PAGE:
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13 so terrible sights that tourists are not allowed in them

Edition Reader's Digest has compiled a list of 13 creepy places across the country. They are so scary that tourists are not allowed there. But don't be discouraged - it doesn't seem like you want to go to these places anyway.

Фото: Depositphotos

Randall Park Shopping Center

When the Randall Park Mall opened in 1976, it was the largest mall in the United States. Located near Cleveland, its retail space occupied nearly 2,2 million square feet (61 ha). But when it comes to shopping centers, the larger they are, the harder they fall, and this is no exception. He ceased to operate as a shopping center in 2009, and demolition began in 2014, although sections of the former shopping center are still preserved.

Jazzland Six Flags Theme Park in New Orleans

The Jazzland Six Flags theme park in New Orleans had a short life. It opened in 2000 to close permanently after Hurricane Katrina in 2005. Since then, it has been empty, and the once exciting rides remained motionless and lifeless. Jazzland is not a “ghost” in the traditional sense of the word, but it is a very noticeable reminder of the devastation by the hurricane and of all the lives that were then lost. For this reason, the mayor wants to demolish it.

Renz Women's Prison

The former Renz Women's Prison, located near the city of Jefferson (Missouri), is quite large. When it opened in 1926, it was a farm prison for men. When the "Great Flood of 1993 of the Year" happened, only women lived in Renza. The prisoners were evacuated, and the building was abandoned since the devastating flood waters reached 38,6 feet. Since then, nature has taken over the building, but some people have reported that it is not completely empty. Since then, Renz has been named the “Most Haunted Place in Jefferson City” by the Missouri Paranormal Research and Research Society.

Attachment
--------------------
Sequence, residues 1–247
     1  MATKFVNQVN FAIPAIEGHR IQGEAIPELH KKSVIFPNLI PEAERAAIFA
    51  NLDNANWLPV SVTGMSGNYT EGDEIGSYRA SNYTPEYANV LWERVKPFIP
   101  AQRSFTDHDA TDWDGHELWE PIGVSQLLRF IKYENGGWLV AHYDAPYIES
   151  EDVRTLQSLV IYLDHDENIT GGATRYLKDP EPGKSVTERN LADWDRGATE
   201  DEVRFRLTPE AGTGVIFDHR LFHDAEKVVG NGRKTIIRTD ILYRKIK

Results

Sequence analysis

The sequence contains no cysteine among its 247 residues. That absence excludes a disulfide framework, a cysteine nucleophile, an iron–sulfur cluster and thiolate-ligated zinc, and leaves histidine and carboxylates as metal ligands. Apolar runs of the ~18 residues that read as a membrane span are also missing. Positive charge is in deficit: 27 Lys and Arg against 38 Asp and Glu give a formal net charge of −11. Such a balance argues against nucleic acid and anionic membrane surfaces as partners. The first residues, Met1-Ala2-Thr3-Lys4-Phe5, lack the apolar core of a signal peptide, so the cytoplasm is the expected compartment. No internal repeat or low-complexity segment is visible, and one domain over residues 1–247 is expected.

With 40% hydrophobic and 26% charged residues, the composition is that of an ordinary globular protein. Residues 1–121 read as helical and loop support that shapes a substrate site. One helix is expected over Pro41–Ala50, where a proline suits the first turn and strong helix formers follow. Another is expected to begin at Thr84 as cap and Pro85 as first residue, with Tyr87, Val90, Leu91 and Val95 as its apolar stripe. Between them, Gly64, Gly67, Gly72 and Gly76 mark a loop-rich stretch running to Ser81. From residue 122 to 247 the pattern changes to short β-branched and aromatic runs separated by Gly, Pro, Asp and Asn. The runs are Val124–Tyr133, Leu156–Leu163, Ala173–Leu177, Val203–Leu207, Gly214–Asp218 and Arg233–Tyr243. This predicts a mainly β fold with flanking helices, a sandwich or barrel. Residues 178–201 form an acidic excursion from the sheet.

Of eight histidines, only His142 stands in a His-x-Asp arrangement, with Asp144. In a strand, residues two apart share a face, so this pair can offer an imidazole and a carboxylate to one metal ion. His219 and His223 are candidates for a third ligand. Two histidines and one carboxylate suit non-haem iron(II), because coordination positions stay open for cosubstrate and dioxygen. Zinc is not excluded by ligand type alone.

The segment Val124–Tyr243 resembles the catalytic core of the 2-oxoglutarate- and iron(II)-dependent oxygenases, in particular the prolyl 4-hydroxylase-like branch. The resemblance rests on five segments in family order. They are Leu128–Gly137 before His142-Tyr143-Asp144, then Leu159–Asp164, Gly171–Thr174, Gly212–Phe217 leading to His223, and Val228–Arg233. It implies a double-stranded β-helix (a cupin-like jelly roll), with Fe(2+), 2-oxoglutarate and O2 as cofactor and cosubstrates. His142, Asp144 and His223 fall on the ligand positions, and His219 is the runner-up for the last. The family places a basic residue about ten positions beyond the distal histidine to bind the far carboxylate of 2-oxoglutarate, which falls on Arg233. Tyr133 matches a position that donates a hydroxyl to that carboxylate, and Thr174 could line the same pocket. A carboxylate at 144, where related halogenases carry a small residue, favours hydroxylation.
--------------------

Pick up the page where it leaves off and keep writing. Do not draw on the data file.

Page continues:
Gilman, Colorado

The former mining town of Gilman (Colorado) is located on an 600-foot cliff above the Eagle River. Gilman was a fairly successful mine, founded in the 1886 year, mining was carried out until the 1984 year. At that time it was closed due to toxins, and now it has been empty since then. Visiting is prohibited, in addition, local authorities plan to get rid of this town, so for now there is a chance you can go and see at least from afar.

On the subject: 10 unusual places to travel in the USA

Grand Hall, Detroit

This magnificent Art Deco building once saw some of the largest halls. In addition, there were also pharmacies, shops and much more. Since 1972, the hall has been empty for no one needs, like other parts of the abandoned area.

Rockland Psychiatric Hospital

What's even scarier than an abandoned mental hospital? How about one that is partly abandoned and partly still functioning as a hospital? This is the case when the past meets the present very eerily. A popular destination for paranormal researchers. The creepiest part is the former children's wing, where there are still toys, desks and drawings on the wall. Although part of the hospital is still open, abandoned departments are closed to the public.

Tillamook Rock Lighthouse